Conservative retention

LSR retains labels only from next-hops neighbors LSR discards all labels for FECs which are not routing next-hops Free memory and label space Example: ATM cell mode
MPLS Labels: Penultimate Hop Popping
The label at the top of the stack is removed (popped) by the upstream neighbor of the egress LSR  The egress LSR requests the “popping” through the label distribution protocol Egress LSR advertises implicit-null label  One lookup is saved in the egress LSR
MPLS Labels:
Penultimate Hop Popping Example
Egress LSR needs to do an IP lookup for finding more specific route Egress LSR need NOT to receive a labelled packet
labelled will have to be popped anyway
MPLS Labels:
Penultimate Hop Popping Example (contd)
Label Switch Routers:
Architecture of LSRs
LSRs, regardless of the type, perform these functions: Exchange routing information Exchange labels Forward packets or cells
The first two functions are part of the controlplane
The last function is part of the data plane
Label Switch Routers: Exchanging Routing updates Label Switch Routers: Exchanging and Assigning Labels


In Label is the local label generated by the LSR

Out Label is the remote label advertised by the adjacent LSR,
Presentation_ID ⓒ 2008 Cisco Systems, Inc All rights reserved Cisco Confidential
which is the IGP next hop
Label Switch Routers: Forwarding Packets
0 12889
Label imposition Label swapping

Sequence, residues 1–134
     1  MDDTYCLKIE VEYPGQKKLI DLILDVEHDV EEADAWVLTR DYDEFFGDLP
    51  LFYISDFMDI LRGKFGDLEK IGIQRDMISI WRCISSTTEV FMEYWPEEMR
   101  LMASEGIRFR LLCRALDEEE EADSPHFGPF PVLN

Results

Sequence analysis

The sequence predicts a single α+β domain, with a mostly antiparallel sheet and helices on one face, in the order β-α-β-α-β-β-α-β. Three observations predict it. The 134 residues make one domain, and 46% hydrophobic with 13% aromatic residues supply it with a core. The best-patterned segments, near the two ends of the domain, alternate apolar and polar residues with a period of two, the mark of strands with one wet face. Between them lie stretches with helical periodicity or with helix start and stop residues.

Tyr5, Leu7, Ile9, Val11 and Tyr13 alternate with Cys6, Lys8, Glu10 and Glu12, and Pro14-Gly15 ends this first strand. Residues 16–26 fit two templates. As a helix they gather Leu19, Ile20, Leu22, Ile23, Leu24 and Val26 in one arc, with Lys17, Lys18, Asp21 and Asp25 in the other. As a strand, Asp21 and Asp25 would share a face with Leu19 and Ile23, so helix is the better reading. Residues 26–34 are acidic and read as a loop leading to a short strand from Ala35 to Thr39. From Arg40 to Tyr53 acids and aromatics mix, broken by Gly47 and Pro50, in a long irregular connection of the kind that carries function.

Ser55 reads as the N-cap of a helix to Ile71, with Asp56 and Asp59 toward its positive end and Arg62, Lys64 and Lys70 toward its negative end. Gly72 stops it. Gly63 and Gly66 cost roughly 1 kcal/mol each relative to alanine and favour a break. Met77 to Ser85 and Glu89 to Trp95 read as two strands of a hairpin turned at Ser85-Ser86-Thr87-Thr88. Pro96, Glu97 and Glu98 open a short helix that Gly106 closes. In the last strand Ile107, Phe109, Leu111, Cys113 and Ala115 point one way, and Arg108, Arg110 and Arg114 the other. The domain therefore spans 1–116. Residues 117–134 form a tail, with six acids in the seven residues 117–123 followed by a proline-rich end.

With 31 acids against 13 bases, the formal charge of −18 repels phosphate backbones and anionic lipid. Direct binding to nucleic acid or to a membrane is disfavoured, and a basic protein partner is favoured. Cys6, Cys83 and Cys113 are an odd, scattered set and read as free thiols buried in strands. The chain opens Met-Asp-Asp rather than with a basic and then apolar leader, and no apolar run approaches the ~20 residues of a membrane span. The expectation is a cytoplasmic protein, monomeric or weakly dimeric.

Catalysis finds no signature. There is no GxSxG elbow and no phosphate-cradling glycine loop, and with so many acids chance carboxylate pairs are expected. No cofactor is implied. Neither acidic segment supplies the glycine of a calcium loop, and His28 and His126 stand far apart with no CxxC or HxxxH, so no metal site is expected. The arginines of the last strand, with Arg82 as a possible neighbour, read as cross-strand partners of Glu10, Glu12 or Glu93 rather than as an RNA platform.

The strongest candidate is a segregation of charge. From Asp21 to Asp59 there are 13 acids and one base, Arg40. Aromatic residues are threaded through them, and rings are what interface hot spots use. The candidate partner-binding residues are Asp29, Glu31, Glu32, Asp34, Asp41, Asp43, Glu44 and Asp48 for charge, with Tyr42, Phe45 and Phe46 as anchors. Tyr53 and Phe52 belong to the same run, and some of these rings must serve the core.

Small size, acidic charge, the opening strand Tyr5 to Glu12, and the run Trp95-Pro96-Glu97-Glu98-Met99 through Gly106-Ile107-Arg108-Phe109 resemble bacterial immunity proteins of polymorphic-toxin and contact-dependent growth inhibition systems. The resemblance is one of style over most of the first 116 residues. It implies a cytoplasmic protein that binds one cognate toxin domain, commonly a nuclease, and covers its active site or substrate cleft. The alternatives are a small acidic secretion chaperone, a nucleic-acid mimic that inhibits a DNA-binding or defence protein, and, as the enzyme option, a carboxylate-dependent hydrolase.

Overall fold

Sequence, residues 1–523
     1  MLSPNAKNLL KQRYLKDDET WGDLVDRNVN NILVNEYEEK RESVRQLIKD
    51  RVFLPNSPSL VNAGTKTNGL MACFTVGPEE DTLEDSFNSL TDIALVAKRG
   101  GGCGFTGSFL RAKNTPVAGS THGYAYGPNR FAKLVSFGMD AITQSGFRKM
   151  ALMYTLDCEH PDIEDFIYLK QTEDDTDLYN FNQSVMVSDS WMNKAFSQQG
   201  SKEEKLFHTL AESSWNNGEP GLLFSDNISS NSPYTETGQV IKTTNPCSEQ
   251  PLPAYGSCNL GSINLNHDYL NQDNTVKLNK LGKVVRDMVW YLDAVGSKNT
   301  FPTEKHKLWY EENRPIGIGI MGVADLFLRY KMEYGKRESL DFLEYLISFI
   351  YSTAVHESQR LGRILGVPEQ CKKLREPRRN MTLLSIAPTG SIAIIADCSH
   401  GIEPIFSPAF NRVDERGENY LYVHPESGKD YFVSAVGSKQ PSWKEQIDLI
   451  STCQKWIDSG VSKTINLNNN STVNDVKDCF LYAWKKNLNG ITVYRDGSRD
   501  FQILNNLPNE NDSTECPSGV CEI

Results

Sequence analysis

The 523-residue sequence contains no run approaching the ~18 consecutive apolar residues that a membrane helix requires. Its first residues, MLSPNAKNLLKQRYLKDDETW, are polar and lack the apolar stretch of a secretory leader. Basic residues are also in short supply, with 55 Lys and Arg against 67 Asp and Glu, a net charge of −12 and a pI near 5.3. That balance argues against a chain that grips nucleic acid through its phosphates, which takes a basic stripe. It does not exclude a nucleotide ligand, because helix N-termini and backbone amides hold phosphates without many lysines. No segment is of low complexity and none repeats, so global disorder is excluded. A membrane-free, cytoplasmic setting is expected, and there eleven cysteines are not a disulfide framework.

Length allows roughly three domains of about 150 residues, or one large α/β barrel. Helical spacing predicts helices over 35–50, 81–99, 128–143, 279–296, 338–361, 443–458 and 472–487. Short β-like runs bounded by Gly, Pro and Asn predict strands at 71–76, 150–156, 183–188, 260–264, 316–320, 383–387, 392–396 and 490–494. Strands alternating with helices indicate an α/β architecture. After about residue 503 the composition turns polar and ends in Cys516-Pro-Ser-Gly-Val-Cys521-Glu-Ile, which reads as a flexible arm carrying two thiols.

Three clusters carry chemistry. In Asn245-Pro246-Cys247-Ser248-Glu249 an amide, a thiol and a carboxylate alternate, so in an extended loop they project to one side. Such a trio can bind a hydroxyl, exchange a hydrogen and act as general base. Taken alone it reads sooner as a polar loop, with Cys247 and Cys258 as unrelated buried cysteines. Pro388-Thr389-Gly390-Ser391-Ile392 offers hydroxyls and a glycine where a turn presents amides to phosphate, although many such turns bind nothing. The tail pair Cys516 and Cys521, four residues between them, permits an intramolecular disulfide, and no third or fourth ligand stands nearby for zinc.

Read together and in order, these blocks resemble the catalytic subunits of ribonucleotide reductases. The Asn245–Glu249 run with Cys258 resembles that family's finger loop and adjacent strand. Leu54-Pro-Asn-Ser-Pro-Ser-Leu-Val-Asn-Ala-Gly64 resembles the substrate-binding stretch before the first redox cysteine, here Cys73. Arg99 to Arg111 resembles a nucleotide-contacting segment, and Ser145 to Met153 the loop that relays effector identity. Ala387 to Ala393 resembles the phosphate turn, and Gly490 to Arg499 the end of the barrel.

Label Popping
of 4 4->9
Label Switch Routers: Label functions
An LSR can perform the following functions: Insert (impose) a label or a stack of labels on ingress Swap a label with a next-hop label or a stack of labels in
the core Remove (pop) a label on egress ATM LSRs can swap a label with only one label (VPI/VCI fields change)
Label Switch Routers: Cell Mode
ATM LSR can forward only cells
ATM edge LSR segments packets into cells and forwards them into an MPLS ATM domain, or reassembles cells into packets and forwards them out of an MPLS ATM domain
MPLS Forwarding Plane:
LFIB and Outgoing Labels

I Pop
II Untagged -Untag the incoming MPLS packet
III Aggregate - Untag and then do a FIB lookup
IV 0

MPLS Forwarding Plane:Outgoing label types
MPLS Forwarding Plane:Outgoing label types (cont)
Untagged Convert the incoming MPLS packet to an IP packet and forward it  Pop Pop the top label from the label stack present in an incoming MPLS packet and forward it as an MPLS packet If there was only one label in the stack, then forward it as an IP packetSAME as imp-null label  Aggregate Convert the incoming MPLS packet to an IP packet and then do a FIB lookup for it to find out the outgoing interface  0 (zero) Same as exp-null label Simplify fills 0 in the first 20 bits oflabel; helps to preserve the EXP value of the top label
MPLS and BGP

Labels are assigned to FECs which are derived from IProuting protocols (IGP)

Labels are NOT assigned to BGP routes

BGP routes use recursive routing to find next-hopreachability

Labels are assigned to BGP next-hops